agent or servant thereof of thereunder.” Mo. Rev. Stat. § 84.010 (1991); Crigler, 767 F.Supp. at
Section 84.010, in relevant part, states:
[N]o ordinances heretofore passed, or that may hereafter be passed, by the
common council or municipal assembly of the cities, shall, in any manner,
conflict or interfere with the powers or the exercise of the powers of the boards of
police commissioners of the cities as created by section 84.020, nor shall the cities
or any officer or agent of the corporation of the cities, or the mayor thereof, in any
manner impede, obstruct, hinder or interfere with the boards of police or any
officer, or agent or servant thereof or thereunder[.]
Mo. Rev. Stat. § 84.010 (1991). The 2012 edition of the Missouri Revised Statutes contained the
exact same wording for this portion of § 84.010.
198. Having determined, under the statute, “the City has no direct control over the activities of
the Board of Police Commissioners or its employees,” the Court concluded:
The division of authority between the City and the Board of Police
Commissioners set forth in Mo. Rev. Stat. § 84.010 indicates that neither the City
nor its agents possess the authority to make official policy concerning the actions
of the Board of Police Commissioners or individual police officers. Therefore,
the City cannot, as a matter of law, be liable under section 1983 as an official
policy maker responsible for approving or condoning the actions of the police
officers who allegedly beat the plaintiff.
Crigler, 767 F.Supp. at 199-200.
Here, based on these authorities, the City concludes,
“Therefore, even assuming Plaintiff’s allegations are true, the City cannot be held liable and
Plaintiff’s Complaint should be dismissed with prejudice” [ECF No. 9 at 3].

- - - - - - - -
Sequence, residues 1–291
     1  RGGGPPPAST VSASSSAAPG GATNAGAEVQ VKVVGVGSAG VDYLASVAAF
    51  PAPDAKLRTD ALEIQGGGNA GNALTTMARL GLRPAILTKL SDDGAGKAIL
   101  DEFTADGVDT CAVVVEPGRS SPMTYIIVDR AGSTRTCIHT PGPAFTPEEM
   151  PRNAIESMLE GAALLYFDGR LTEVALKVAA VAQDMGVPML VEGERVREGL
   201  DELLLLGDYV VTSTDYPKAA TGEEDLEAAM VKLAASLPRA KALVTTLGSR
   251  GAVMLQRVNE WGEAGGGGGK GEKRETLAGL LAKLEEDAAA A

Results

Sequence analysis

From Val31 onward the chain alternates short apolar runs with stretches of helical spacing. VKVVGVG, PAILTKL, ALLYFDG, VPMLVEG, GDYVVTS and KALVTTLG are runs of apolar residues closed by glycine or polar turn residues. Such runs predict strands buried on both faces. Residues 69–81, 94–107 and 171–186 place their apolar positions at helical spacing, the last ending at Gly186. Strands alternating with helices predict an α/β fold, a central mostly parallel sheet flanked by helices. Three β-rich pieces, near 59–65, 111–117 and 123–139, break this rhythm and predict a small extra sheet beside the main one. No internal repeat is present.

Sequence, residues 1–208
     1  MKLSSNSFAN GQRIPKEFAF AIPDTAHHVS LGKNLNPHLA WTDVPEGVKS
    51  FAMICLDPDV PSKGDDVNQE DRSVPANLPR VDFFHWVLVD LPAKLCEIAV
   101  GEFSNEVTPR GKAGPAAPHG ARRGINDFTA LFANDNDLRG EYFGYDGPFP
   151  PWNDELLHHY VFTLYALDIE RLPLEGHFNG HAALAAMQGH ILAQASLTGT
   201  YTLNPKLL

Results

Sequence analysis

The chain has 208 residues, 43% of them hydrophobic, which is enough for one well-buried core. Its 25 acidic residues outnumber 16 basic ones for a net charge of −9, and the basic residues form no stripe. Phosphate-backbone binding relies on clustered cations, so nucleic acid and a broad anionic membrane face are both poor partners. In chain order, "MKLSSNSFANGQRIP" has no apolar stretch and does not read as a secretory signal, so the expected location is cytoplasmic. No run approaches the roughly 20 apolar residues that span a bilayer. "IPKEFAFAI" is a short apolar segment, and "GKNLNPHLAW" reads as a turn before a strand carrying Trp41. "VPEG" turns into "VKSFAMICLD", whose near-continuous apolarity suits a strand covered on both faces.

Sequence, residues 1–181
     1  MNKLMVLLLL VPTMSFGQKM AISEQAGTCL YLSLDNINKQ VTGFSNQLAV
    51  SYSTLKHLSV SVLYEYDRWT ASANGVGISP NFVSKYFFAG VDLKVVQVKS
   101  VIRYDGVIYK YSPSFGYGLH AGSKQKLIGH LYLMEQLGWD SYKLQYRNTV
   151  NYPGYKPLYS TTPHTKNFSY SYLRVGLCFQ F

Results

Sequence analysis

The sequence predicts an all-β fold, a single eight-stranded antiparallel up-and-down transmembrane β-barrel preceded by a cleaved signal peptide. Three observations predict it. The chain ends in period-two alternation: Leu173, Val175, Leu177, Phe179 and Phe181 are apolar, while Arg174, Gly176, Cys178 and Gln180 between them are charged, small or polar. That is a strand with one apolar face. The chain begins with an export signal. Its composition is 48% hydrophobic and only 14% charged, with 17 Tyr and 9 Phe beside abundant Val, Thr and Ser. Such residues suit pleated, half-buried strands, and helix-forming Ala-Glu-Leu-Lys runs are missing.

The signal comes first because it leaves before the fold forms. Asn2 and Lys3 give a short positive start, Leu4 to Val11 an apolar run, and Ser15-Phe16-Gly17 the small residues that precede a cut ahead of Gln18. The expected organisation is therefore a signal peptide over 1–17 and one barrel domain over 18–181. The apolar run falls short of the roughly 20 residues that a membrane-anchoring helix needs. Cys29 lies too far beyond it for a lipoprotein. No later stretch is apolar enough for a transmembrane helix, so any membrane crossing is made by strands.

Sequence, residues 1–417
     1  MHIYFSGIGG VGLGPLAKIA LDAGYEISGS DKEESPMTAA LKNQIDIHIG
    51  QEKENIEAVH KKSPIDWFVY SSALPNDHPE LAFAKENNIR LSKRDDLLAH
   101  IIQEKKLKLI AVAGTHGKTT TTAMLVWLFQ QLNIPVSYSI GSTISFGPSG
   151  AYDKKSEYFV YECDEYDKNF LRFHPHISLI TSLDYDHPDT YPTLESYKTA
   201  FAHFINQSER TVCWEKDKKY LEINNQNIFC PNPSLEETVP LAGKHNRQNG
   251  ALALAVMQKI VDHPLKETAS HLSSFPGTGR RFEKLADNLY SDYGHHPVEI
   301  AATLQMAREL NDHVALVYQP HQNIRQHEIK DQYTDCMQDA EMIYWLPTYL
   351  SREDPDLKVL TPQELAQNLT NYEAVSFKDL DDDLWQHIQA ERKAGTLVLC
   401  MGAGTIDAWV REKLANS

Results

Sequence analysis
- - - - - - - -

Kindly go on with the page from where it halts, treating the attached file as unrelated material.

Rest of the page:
In response, Plaintiff seeks to distinguish the current pleading situation from the one in
Crigler by discussing Johnson v. Board of Police Com’rs, 370 F.Supp.2d 892 (E.D. Mo. 2005).
In that case, homeless persons had brought § 1983 claims against the City, among others,
claiming their Fourth, Thirteenth, and Fourteenth Amendment rights were violated when they
were periodically removed from the downtown area. In refusing to apply Crigler to grant the
City’s Motion to Dismiss, this Court stated, “[T]he fact that the Defendants are separate legal
entities does not prevent them from acting in concert to deprive constitutional rights pursuant to
a joint policy or custom, as alleged in the Complaint.” Johnson, 370 F.Supp.2d at 902. The
Court emphasized the plaintiff’s allegations of the City developing and acting together with the
Police Board “to implement the policies responsible for the alleged unconstitutional conduct at
issue in this case.” Id. Here, Plaintiff argues his Complaint sufficiently alleges the City and
SLMPD acted “in concert” [ECF No. 20 at 3]. In the alternative, Plaintiff seeks leave to amend